KHARTOUM, (AFP) — Twelve Sudanese journalists covering a a meeting at the opposition communist party headquarters were among 16 people arrested in Khartoum, a party spokesman said on Thursday.
“Twelve journalists working for (communist party newspaper) Al-Maidan, including five women, were arrested last night (Wednesday),” Saddiq Yussef told AFP, revising an earlier number he had given of just two.
He said the arrests took place after a meeting of opposition activists at the party headquarters, at around 11:00 pm, when the cars the journalists were travelling in were chased by security officers and 12 of them were taken away.
Another four people were also arrested in the swoop, including members of the party, added Yussef, who provided the names of all those detained.
The women were later released but ordered to report to security officials on Thursday, the communist party official said.
There was no immediate confirmation of the arrests, which follow an outburst of localised but vocal anti-government protests in north Sudan this week, organised by student activists via the Internet, and a sharp media crackdown.
More than 10 journalists were held on Sunday, including an AFP cameraman, during the demonstrations in Khartoum that called for regime change, civil liberties and an end to debilitating price rises.
Fresh protests took place on Thursday in the town of Sennar, about 300 kilometres (185 miles) southeast of Khartoum, where some 200 students took to the streets demanding change before being scattered by riot police who fired tear gas, witnesses and a student said.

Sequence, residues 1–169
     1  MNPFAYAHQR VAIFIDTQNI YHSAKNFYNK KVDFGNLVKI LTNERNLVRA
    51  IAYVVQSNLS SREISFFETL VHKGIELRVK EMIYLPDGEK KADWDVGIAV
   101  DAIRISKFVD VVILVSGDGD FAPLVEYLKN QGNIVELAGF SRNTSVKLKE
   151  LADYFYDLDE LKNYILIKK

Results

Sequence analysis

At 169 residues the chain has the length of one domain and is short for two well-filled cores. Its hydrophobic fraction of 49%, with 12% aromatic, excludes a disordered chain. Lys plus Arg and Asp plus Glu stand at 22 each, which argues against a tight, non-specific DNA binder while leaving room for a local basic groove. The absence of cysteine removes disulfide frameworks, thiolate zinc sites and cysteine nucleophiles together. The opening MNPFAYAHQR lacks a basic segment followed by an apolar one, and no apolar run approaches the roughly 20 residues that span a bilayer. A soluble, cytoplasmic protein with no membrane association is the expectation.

All week the police have used tear gas and batons to disperse protesters, more than 70 of whom have been detained.
One student demonstrator beaten by police on Sunday died of his wounds later, his fellow students said. The police denied the claim, and warned against “rumours which are aimed at undermining security and stability.”
Jehanne Henry, the head of research on Sudan for Human Rights Watch, said on Thursday that the arrests of those outside the communist party’s headquarters appeared to be unrelated to the protests but were part of a pattern.
“This fits in with the restrictions on the freedom of expression in Sudan, and the continued use of the national security apparatus, which has a long history of ill treatment and torture, to detain journalists and activists,” she said.
Amnesty International called for the release of the 16 journalists and activists detained on Wednesday.
“The Sudanese government must immediately release all those detained during this blatant attempt to stifle free speech,” Amnesty’s Africa Programme director Erwin van der Borght said in a statement.
In addition to rounding up journalists, the authorities blocked the distribution of two independent newspapers on Monday.
The student and youth groups organising the protests, inspired by events in Tunisia and neighbouring Egypt, are demanding a new government, job opportunities and the resolution of Sudan’s economic crisis that has driven up food and fuel prices as the cash-strapped government seeks to cut subsidies.
Demonstrations also took place in the capital on Tuesday, in Al-Kalakla district of south Khartoum and at Al-Nilein University, where five Darfuri students were arrested.
Top officials in Sudan’s ruling National Congress Party have called the protests illegal and say the government does not fear popular uprisings of the kind that have rocked the regime of Egyptian President Hosni Mubarak.
Widespread economic and political discontent have provoked sporadic street protests in north Sudan in past weeks, with security forces maintaining tight control in Khartoum.